Tuesday this week saw the passing of the movie special-effects veteran Ray Harryhausen. Younger filmmakers have been swift to pay tribute to Harryhausen, as they should do – the likes of Steven Spielberg, George Lucas, James Cameron, Peter Jackson, Guillermo del Toro, Sam Raimi, Tim Burton, Nick Park and Terry Gilliam owe him a huge debt in terms of inspiration.
Ray Harryhausen wasn’t just a special-effects technician – he was a special-effects titan, a man who turned the process of stop-motion animation into an art-form and became arguably the greatest backroom wizard in cinematic history. Harryhausen discovered his vocation when, as a kid in 1933, he was taken to a screening of King Kong. Obsessed with the movie, the young Harryhausen learned how the special-effects man and stop-motion pioneer Willis O’Brien had used small, intricately-jointed models of Kong to bring the ape to life. Slowly, methodically, incredibly painstakingly, O’Brien made slight adjustments to those models in between shooting them one frame of film at a time. The result of these countless tiny adjustments was that when the footage was played back you had Kong moving onscreen with life-like fluidity.
Harryhausen was soon making his own stop-motion models and eventually he became apprenticed to O’Brien. Before they won an Oscar for 1949’s Mighty Joe Young – a sort of King Kong-lite, about a giant gorilla who instead of swatting biplanes at the top of the Empire State Building rescues children from burning orphanages – O’Brien advised Harryhausen to work on giving his creations characters, not just mechanical movement. He even suggested that the the budding animator go and study anatomy.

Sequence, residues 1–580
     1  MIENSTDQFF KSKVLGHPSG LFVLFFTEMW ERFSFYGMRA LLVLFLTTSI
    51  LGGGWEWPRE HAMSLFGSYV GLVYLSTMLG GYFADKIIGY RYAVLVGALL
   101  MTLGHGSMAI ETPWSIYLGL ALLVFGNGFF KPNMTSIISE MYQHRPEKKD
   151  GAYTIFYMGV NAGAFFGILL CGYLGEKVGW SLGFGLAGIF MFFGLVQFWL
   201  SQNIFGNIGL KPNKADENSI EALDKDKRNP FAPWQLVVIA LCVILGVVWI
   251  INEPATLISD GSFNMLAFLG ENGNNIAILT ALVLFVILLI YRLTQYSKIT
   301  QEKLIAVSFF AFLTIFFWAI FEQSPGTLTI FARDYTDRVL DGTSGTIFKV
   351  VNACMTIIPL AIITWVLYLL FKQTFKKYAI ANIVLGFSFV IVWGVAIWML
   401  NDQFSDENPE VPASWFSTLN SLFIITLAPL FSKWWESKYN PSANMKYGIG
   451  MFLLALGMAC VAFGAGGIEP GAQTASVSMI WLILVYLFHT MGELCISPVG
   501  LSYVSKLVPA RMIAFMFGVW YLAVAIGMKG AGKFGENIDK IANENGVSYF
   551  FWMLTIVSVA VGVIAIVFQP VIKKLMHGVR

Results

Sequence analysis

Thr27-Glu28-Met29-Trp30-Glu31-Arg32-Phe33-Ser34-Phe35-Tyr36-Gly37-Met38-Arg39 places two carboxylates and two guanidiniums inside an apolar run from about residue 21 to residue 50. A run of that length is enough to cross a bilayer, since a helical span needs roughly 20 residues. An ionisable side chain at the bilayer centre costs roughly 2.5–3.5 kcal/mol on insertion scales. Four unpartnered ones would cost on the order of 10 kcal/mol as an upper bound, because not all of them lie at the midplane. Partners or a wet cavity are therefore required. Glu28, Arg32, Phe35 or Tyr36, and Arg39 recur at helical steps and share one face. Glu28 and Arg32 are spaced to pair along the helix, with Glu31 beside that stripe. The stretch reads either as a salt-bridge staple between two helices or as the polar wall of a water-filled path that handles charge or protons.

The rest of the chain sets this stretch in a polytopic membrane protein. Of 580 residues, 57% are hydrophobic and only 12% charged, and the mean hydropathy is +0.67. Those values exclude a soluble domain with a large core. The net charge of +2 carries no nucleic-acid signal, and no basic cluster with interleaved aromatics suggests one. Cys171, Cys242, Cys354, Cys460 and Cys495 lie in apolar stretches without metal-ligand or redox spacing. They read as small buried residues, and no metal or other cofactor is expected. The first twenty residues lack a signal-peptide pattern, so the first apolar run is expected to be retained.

Harryhausen took O’Brien’s advice and he strove to invest his animated figures with soul. As a consequence, in this modern era of CGI-drenched fantasy movies, critics commonly complain that today’s computer-generated monsters ‘lack the personality’ of Harryhausen’s creatures. At the news of Harryhausen’s death, the author and critic Kim Newman tweeted: “It now takes 500 pixel-wranglers to do what Ray Harryhausen did better singled-handed.”
My childhood and adolescence in the 1970s and early 1980s coincided with the final decade of Harryhausen’s film-work – Golden Voyage of Sinbad appeared in cinemas in 1973, Sinbad and the Eye of the Tiger in 1977 and Clash of the Titans in 1981. Such was the success of Golden Voyage of Sinbad that his original Sinbad movie, 1958’s Seventh Voyage of Sinbad, was subsequently re-released, so I saw that on a big screen too. Meanwhile, Harryhausen’s earlier movies from the 1950s and 1960s, such as The Beast from 20,000 Fathoms (1952), It Came from Beneath the Sea (1955), Twenty Million Miles to Earth (1957), The Three Worlds of Gulliver (1959), Jason and the Argonauts (1963), The First Men in the Moon (1964), One Million Years BC (1966) and The Valley of Gwangi (1969), had become fixtures on TV.
For some annoying reason, ITV insisted on showing many of these films on weekday afternoons, so that they started while kids like myself were still at school. I remember on one occasion I lied to my teacher so that I could get out of school early, run back to my house and catch the beginning of Jason and the Argonauts at half-past-two.